What Employers and Employees Should Know About Contract-To-Hire

contract job

Some employers may hire candidates on a contract-to-hire basis to gauge their qualifications and cultural fit before bringing them aboard full time. Still, there are many factors to consider when deciding whether to accept a contract-to-hire role. In this blog, we examine contract-to-hire, review some pros and cons, and provide sample questions you can ask during a contract-to-hire interview to confirm it’s the right opportunity for you.

What is Contract-to-Hire?

Contract-to-hire is a short-term role allowing both parties to try each other out before committing to full-time employment. Also known as “temp-to-hire,” contract-to-hire agreements specify the length of time the contractor will work for the employer. At the end of this trial period, the employer can decide whether to hire the contractor as a full-time employee with benefits.

Below are the types of contract-to-hire roles available:

  • Accounting
  • Administrative
  • Graphic Design
  • Human Resources
  • Marketing and Communications
  • Project Management
  • Sales
  • Seasonal Retail
Pros of Contract-to-Hire

Contract-to-hire has built-in flexibility that is valuable, whether you’re looking for a short-term position, a more long-term position, or a freelance opportunity. Below are some of the pros of contract-to-hire positions:

  • Demonstrates your value
  • Increases your qualifications
  • Determines compatibility with a company or role
  • Expands your professional network
Demonstrate Your Value

Contract-to-hire roles allow you time to prove your value to a company and demonstrate to your employer why you would be a good long-term fit for the role. In this type of position, you can use your skills and knowledge to positively impact the function, team, and company during your short time there. When you have apparent quantifiable contributions, you can use them to secure permanent employment.

Employers often use contract-to-hire to do a “working interview” or test out how a potential employee fits with the company, which can result in higher-quality hires. Consider accepting a contract-to-hire job after receiving a formal offer, but still in the salary negotiating stage. In this situation, you would act as part of the team in that capacity to showcase just how valuable an asset you are and why they should consider paying you more.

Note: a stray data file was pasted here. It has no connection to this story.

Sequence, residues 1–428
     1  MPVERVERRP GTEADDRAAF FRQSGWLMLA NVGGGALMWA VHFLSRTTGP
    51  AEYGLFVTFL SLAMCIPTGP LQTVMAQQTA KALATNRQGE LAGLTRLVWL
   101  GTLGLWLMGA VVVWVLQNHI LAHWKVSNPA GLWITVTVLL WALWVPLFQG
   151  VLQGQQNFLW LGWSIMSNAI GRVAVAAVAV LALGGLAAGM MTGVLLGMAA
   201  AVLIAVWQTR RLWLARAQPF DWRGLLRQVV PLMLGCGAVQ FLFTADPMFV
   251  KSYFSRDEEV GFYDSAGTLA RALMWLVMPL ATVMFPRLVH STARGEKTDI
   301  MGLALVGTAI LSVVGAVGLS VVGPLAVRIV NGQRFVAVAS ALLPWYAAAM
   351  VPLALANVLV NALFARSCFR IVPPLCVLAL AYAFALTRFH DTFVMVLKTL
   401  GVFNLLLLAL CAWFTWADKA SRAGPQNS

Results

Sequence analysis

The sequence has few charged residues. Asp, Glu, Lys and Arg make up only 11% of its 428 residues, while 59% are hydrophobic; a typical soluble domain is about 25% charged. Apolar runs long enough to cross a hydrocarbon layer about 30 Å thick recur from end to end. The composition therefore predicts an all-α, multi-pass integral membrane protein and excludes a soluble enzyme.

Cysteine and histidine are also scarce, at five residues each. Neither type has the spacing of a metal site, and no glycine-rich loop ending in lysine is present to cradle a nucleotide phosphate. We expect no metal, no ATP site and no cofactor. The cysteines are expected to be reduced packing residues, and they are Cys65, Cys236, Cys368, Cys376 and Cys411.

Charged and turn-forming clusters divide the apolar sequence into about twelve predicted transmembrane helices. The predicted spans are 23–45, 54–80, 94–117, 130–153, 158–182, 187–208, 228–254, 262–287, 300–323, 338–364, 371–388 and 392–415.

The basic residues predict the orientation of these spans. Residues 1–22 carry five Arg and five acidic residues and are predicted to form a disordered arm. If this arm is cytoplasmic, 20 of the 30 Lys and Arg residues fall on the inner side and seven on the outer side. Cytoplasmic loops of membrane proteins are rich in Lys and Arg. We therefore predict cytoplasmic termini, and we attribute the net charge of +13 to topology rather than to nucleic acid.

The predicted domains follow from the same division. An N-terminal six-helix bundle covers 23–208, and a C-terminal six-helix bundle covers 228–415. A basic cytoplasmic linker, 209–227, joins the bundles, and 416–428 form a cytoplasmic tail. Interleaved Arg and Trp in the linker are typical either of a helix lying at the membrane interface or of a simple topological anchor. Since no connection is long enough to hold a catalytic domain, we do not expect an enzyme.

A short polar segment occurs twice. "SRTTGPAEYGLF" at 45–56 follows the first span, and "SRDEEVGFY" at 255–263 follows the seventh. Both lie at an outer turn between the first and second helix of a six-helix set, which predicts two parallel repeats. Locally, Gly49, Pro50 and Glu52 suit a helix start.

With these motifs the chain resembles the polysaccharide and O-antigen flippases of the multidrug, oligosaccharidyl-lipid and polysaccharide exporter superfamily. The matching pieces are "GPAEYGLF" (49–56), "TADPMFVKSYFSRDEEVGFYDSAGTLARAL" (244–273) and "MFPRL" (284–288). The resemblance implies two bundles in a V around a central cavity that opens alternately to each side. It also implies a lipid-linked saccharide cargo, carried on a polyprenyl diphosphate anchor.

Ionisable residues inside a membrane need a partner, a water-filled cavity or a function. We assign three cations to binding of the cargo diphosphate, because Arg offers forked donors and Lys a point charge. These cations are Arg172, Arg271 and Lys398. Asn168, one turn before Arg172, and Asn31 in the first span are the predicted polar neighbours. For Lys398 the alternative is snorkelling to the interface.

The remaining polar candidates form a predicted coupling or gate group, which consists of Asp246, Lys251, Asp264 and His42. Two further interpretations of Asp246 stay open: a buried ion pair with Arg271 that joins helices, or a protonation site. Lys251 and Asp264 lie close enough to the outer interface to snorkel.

Increase Your Qualifications

Temporary positions can offer a valuable purpose on your resume, mainly if they help to fill the time between two permanent jobs. In addition, they can be an effective option as you search for a more long-term role, especially if you are not hearing back from potential full-time employers.

Contract-to-hire jobs can also help you become an expert in your field or on a particular task. You may receive several specialized tasks to learn and excel in these roles quickly. This experience can help you enhance your skills and focus on your profession before applying for expert status in a full-time position. In addition, taking on a few roles at different companies can build your reputation as a fast-learning expert.

Determine Compatibility with a Company or Role

Contract-to-hire allows you to test your suitability for a company and the position. It’s a more in-depth way of researching a company during the job search process. The experience can help you determine whether the organization’s work environment, goals and values are a good fit for your future. If you are testing out career options or roles in your field, a contract-to-hire role will allow you to do so without committing to a full-time job before you’re confident in your decision.

Expand your Professional Network

A contract-to-hire job can also help you build your professional network. For example, your connections at a company might lead you to a job offer at the same company in the future, at a client’s company or a different company with mutual connections. Additionally, having the opportunity to make a good impression on an employer, even if they do not offer you a long-term position, allows you to ask for a positive recommendation or referral during your next job search.

Suppose you use a contract-to-hire position to test potential career paths. In that case, the opportunity can also introduce you to people in your industry who you can ask about their professional backgrounds and experiences. They may be able to provide you with further insight and guidance as you decide on a career.

Cons of Contract-to-Hire

Along with the considerable benefits, there are other considerations to be aware of during your search for contract-to-hire positions.

Secure Temporary Work

Even if you love the job and flourish in your role, you may not be hired for permanent work at the end of your contract. Often, employers use the contract-to-hire to help during busy seasons or to temporarily replace a full-time, permanent employee on leave.

Though work may be temporary, employers may keep you in mind for future openings, particularly if you exceed expectations and quantifiably contribute to the company’s success. In addition, in some circumstances, employers may have other temporary work they may consider you for, either by extending your current contract or a future agreement.

Have Lapses in Employment Benefits

Contract employees don’t usually receive benefits like health insurance coverage, paid leave, or pension options. When you’re hired in a contract-to-hire role through an agency but are then converted by the client company to full-time employment, your time as a contract-to-hire employee may not count toward the total accruement of benefits.

If you are considering finding a contract-to-hire job, get in touch with our team of experts at ALIGN and we will help you find what you are looking for.

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